PORTLAND-Oregon Health & Science University, in collaboration with the State of Oregon and the OHSU-PSU School of Public Health, will conduct a statewide study to track, test and precisely map the COVID-19 virus in real time.
The Key to Oregon research study, announced today by Gov. Kate Brown, will enroll 100,000 randomly selected Oregonians to voluntarily provide data that can be used to inform decision making at the county, regional and state level. The study’s goal is to help get people back to school and work faster, while effectively managing the potential for future COVID-19 outbreaks.
While Oregon’s success in limiting the spread of COVID-19 was critical, it means that very few community members have acquired immunity to the virus. By removing public health sanctions too quickly, and without proper monitoring, the state is at heightened risk of a “second wave” of infections.
“By gathering reliable data, we will replace fears of COVID-19 with facts about how and where we can contain this disease,” says Gov. Kate Brown.
OHSU researchers will track the temperatures and other COVID-19 symptoms of all 100,000 study participants. The information gleaned from this study will be applied broadly across the state in real time.
Study participants will be selected at random to represent the state’s ethnic, socioeconomic and geographically diverse population..
All test results will be reported to the Oregon Health Authority to assist with contact tracing and home isolation of those with positive tests. Contact tracing identifies individuals who may have come into contact with an infected person to heighten awareness of COVID-19 symptoms and initiate measures to limit disease spread in their household and the community.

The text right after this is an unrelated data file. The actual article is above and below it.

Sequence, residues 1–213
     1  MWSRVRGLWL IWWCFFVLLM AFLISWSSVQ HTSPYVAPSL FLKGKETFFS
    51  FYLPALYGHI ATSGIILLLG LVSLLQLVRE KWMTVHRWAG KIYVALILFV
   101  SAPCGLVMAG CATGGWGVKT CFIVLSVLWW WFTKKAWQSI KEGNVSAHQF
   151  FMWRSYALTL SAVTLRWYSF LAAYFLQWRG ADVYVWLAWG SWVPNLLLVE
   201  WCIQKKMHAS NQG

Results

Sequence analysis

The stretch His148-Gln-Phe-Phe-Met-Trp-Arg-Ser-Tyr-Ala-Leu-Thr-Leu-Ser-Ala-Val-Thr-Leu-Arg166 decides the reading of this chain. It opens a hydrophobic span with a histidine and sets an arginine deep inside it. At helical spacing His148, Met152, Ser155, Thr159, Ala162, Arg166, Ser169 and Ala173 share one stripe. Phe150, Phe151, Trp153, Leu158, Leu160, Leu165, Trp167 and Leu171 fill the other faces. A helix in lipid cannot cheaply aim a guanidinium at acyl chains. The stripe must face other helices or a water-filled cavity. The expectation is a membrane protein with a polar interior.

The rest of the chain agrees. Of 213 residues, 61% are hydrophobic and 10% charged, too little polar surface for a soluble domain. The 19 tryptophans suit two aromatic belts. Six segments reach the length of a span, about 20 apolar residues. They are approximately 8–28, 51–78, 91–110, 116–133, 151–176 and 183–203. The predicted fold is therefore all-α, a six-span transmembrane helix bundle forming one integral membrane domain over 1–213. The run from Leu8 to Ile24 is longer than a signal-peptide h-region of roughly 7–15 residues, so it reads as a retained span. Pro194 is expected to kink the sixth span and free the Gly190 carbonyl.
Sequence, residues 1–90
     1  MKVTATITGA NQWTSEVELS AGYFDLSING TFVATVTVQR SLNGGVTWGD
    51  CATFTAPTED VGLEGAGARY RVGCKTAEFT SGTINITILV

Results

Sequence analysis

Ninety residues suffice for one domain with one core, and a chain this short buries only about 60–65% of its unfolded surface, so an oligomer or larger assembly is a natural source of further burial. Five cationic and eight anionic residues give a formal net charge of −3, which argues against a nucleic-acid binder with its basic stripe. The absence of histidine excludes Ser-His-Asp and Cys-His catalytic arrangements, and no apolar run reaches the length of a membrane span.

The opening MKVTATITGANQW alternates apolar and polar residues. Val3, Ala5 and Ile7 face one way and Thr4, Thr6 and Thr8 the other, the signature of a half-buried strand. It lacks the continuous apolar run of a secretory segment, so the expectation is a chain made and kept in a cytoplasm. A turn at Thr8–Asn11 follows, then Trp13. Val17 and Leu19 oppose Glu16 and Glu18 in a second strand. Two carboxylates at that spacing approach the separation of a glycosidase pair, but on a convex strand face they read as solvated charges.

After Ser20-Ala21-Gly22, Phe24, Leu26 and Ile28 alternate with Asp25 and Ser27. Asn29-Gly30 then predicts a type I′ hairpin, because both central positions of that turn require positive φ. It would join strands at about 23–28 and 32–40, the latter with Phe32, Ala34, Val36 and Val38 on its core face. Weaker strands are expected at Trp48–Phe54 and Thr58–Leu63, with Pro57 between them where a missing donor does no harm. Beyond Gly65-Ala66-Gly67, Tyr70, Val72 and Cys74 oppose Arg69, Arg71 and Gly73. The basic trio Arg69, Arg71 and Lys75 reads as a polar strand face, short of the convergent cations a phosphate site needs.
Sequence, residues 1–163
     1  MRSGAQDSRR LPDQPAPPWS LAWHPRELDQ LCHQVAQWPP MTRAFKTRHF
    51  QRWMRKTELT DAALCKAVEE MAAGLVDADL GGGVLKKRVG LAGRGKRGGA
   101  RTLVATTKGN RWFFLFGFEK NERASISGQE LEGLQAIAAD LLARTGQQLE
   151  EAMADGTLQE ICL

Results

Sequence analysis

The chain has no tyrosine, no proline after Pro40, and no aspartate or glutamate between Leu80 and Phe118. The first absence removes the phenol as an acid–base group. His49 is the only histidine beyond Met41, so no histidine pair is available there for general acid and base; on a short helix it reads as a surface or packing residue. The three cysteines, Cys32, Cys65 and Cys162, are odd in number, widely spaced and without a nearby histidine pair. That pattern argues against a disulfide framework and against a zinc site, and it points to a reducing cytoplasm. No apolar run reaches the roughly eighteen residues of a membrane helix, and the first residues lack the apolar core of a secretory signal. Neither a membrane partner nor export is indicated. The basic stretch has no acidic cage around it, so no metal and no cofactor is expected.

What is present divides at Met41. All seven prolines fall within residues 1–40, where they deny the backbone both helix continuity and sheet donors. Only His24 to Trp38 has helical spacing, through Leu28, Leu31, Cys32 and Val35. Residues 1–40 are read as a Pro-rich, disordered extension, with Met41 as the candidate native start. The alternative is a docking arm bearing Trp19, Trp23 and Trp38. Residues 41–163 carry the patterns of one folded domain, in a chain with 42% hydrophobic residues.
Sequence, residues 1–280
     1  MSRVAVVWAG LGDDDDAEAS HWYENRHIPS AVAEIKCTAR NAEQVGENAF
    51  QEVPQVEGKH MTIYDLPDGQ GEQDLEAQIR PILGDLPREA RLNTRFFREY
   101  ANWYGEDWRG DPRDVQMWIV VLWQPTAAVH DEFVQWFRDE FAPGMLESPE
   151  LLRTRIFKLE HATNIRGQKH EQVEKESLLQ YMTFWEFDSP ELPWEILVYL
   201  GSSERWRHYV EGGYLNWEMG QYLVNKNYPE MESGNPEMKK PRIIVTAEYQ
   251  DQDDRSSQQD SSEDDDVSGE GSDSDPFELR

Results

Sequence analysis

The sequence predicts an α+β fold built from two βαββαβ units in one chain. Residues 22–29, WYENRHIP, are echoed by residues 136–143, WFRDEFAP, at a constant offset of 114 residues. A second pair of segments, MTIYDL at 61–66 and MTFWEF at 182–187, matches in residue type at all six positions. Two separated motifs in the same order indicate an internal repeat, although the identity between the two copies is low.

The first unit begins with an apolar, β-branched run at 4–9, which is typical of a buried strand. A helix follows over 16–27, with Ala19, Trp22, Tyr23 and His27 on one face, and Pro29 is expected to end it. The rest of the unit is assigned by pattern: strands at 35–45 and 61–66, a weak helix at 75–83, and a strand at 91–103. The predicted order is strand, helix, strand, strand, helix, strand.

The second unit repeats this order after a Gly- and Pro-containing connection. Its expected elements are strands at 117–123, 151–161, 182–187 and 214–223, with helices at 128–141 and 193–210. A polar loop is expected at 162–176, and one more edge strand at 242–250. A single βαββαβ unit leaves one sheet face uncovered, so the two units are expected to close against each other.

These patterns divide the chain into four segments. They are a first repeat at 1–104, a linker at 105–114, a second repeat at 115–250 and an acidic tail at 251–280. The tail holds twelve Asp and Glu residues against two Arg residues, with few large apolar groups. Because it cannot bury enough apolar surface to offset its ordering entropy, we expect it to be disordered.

This study will include:
Gathering data about the virus in Oregon to determine the relationship between easing physical distancing measures and resurgence of COVID-19 transmission.
Identify new COVID-19 cases at their earliest stages, enabling swift contact tracing and isolation to help control the spread of the disease.
Provide early warnings of emerging virus “hotspots,” to allow control with contact tracing and isolation for control of virus spread, which hopes to prevent the need to reinstitute community-wide physical distancing measures.
Identify asymptomatic individuals and outbreaks, a significant but otherwise invisible factor in the spread of COVID-19.
Focus special attention on high-risk populations and underserved communities to ensure that no groups will be left out or left vulnerable as our society emerges from this pandemic.
An initial investment of $6,000,000 has been committed by the State of Oregon to help fund this study. OHSU and the Governor are actively seeking additional funding through public and private partnership.